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Ramon Sessions and Tim Frazier are different versions of the same problem for the Wizards’ bench

NBA: Washington Wizards at New Orleans Pelicans Stephen Lew-USA TODAY Sports

Ramon Sessions recently supplanted Tim Frazier in the rotation as the team’s backup point guard in what we can only imagine is a move to bridge the backup point guard gap until John Wall returns from injury. The thing is, in his limited time during his second stint in Washington, Sessions hasn’t proved that he’s the better option over Frazier.

Sessions’ M-O, dating back to his first go-round with Washington, is that he’s an attack-first point guard. He’s not the best shooter (he’s only shooting 34.3 percent from the field in Washington) but has a knack for keeping the defense off-balance in transition and can slice his way to the hole. He averages 8.5 free-throw attempts per 100 possessions – the best rate on the team – but that’s where the buck stops.

The ten-year veteran is the furthest thing from a lockdown defender. The Wizards have been outscored in six of the seven games when Sessions has been on the floor. The lone exception came in Wednesday’s game against the Spurs when the Wizards went on a late run during garbage time. He also doesn’t do much to get other players on the floor involved as he’s averaging just 8.9 assists per 100 possessions and can be a bit of a ball-stopper at times.

Washington’s front office knows what Sessions brings to the table, as well as what his shortcomings are, yet still opted to sign him off the street when they have already had a player capable of producing similar results in Tim Frazier.

No, Frazier isn’t much of a scoring threat - but the ball doesn’t stick when he is in the ball game. He knows his role is to trigger offensive sets and set guys up when he’s running the second unit. He’s averaging nearly three more assists per 100 possessions than Sessions and does it while posting a significantly lower usage rate.

And defensively for these guys? Well, it’s probably better that we not dive into those numbers for everyone’s sake.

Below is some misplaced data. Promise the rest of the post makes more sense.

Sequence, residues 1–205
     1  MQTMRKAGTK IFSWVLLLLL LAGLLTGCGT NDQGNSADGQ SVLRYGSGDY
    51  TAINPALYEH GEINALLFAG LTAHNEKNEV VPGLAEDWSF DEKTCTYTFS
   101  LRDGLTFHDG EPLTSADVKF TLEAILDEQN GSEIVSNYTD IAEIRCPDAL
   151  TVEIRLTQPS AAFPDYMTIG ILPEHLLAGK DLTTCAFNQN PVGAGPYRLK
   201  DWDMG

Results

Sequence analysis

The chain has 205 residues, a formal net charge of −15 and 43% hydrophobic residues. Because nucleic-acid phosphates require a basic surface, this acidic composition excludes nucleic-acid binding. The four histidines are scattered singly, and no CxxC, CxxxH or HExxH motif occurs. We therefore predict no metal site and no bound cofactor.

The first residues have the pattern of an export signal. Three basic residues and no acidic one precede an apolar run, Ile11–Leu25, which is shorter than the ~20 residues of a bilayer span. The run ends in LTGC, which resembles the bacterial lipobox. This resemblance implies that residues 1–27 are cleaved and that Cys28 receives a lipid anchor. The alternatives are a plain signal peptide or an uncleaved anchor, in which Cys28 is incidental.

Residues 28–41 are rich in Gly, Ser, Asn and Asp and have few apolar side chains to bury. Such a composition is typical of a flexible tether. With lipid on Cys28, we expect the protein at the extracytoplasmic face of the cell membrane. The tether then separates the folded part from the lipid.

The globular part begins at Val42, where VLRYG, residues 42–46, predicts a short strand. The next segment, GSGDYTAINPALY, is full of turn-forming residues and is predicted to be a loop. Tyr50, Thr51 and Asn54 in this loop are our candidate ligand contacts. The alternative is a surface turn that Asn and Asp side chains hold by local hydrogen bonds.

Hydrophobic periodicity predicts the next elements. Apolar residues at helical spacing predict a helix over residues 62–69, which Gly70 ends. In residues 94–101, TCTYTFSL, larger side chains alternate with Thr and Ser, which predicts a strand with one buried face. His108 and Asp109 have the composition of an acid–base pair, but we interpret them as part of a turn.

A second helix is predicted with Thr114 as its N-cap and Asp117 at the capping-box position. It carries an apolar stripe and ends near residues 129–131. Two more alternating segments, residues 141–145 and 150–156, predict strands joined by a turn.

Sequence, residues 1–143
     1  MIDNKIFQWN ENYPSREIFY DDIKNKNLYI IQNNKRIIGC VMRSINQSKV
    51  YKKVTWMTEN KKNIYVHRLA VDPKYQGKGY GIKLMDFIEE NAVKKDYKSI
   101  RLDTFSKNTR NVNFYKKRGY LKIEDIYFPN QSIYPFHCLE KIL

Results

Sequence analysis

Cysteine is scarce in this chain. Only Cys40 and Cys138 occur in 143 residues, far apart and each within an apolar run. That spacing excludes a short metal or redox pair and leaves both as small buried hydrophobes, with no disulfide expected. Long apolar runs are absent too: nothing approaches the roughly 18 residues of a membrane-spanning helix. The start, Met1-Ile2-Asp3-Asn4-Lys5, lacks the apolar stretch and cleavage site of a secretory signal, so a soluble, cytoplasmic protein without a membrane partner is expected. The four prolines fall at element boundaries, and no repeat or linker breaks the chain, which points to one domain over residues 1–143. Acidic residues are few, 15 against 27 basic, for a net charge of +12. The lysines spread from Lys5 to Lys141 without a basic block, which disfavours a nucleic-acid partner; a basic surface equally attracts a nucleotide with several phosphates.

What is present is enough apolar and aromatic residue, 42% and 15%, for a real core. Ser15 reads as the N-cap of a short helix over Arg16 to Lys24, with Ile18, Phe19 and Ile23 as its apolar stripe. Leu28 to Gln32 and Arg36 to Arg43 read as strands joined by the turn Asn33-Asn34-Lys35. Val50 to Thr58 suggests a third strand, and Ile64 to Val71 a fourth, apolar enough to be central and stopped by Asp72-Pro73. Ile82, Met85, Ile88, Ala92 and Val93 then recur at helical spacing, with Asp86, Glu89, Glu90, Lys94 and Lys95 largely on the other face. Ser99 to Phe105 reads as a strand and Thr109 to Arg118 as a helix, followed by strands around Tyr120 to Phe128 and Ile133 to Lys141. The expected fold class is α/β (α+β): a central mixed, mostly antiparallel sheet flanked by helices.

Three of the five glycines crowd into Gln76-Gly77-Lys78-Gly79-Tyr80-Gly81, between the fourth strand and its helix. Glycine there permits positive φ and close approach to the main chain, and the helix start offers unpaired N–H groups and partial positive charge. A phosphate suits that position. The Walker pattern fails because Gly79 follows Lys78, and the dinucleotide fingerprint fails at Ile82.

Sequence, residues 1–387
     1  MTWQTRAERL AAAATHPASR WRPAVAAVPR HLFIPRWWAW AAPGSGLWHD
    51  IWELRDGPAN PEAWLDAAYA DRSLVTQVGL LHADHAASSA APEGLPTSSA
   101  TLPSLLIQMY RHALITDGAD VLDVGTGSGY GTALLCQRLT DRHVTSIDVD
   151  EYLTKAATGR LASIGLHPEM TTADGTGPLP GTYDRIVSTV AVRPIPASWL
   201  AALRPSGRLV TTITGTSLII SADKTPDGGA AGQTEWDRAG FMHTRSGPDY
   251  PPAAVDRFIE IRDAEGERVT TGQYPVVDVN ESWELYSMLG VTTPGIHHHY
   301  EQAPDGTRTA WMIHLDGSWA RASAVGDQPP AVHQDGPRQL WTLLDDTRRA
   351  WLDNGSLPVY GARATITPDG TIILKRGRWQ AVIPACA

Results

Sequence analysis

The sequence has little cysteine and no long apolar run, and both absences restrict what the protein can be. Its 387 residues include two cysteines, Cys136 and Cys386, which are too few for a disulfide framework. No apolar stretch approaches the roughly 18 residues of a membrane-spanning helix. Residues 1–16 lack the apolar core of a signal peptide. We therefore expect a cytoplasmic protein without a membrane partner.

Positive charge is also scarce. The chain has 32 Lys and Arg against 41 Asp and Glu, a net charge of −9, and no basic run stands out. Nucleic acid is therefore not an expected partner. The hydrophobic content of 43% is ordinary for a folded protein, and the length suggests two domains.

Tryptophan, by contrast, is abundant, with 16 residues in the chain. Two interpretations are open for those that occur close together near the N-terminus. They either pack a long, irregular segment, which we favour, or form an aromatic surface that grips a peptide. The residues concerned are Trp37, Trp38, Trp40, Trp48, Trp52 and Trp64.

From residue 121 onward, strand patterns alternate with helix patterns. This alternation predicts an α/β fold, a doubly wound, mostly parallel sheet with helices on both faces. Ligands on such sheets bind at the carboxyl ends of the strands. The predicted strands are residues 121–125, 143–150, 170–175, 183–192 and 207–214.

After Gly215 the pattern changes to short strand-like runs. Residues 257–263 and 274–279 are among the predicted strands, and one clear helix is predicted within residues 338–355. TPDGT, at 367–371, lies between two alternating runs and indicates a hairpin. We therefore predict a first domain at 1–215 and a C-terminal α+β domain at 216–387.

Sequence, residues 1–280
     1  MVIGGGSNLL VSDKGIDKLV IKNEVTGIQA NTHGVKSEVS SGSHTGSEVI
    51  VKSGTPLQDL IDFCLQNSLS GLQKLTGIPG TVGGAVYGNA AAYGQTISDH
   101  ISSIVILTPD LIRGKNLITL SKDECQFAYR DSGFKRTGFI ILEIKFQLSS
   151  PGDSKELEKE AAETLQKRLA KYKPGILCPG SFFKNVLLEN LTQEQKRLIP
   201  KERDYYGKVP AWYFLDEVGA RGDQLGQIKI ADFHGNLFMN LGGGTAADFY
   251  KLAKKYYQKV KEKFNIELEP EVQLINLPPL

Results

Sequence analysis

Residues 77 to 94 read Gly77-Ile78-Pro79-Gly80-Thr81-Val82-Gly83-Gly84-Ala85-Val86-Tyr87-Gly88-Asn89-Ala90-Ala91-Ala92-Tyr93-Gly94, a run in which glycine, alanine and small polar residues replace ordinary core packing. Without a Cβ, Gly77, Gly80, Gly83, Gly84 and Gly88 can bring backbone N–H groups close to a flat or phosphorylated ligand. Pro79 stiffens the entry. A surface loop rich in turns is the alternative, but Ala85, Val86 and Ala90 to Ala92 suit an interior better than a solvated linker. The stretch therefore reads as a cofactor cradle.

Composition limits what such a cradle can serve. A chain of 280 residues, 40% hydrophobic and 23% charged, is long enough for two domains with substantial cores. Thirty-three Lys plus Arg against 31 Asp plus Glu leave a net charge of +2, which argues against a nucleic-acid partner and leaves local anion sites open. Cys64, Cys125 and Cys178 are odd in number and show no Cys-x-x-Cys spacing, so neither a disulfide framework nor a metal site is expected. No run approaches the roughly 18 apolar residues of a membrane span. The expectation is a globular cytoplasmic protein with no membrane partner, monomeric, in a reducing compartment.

While Sessions and Frazier have different styles, their overall impact on the team is virtually the same, which again begs the question of why the Wizards signed Sessions in the first place. They filled an open roster spot with a player they already have – and who isn’t very effective.

Were the Wizards likely to find a playoff rotation guy on the street or buyout market? No. However, tying up a roster spot with a fourth point guard who isn’t going to see the court come playoff time isn’t ideal either unless their plan with Sessions was solely to just bridge the backup point guard gap while Wall is out.

Guys like Joe Johnson, Ersan Ilyasova, and Marco Belinelli were available on the buyout market, but you never even heard whispers that they might end up in Washington. Perhaps none of them were interested in a role in Washington and certainly none of those guys would have been the saviors for this squad but they would have added depth at positions where Washington is razor thin. Just look at what happened when Jodie Meeks missed Wednesday’s game with the flu. The team had to play Sessions and Frazier together, despite their shooting flaws, to give Beal and Satoransky some rest.

From a production standpoint, this Sessions acquisition doesn’t make sense. From a personnel standpoint, this acquisition doesn’t make sense. But for the Washington faithful, we can only hope that the return of a healthy John Wall will make the Ramon Sessions vs. Tim Frazier debate a moot point.